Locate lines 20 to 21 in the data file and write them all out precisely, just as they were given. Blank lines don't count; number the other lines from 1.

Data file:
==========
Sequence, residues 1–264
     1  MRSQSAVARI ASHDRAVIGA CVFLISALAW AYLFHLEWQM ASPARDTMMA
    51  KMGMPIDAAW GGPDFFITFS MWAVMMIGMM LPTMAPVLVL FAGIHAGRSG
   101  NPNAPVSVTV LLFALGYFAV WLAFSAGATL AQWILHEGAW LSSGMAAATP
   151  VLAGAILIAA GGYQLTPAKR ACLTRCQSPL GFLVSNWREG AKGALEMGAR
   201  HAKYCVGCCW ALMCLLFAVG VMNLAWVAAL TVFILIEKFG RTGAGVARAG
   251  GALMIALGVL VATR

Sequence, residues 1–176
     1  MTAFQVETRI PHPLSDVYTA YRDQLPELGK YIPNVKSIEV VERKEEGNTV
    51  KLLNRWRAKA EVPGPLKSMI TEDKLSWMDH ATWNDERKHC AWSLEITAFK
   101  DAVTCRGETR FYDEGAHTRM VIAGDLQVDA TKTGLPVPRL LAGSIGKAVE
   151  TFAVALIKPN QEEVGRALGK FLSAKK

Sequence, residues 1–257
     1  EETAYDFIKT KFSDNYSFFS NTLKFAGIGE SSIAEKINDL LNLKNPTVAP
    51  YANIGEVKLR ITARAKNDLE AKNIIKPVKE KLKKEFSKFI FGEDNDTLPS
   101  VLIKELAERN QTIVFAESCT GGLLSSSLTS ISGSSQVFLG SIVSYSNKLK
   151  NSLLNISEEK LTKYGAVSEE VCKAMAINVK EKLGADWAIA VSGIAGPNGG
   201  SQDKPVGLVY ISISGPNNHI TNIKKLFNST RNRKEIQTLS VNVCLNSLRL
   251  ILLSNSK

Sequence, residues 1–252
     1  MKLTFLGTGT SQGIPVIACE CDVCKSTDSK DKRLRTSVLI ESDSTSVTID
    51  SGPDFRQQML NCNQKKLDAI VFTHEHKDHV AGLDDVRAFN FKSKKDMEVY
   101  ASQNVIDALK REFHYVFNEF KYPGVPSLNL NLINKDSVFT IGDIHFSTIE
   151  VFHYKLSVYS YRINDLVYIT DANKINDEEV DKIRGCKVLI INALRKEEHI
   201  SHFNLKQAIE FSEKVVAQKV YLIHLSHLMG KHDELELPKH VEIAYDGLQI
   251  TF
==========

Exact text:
Sequence, residues 1–252
     1  MKLTFLGTGT SQGIPVIACE CDVCKSTDSK DKRLRTSVLI ESDSTSVTID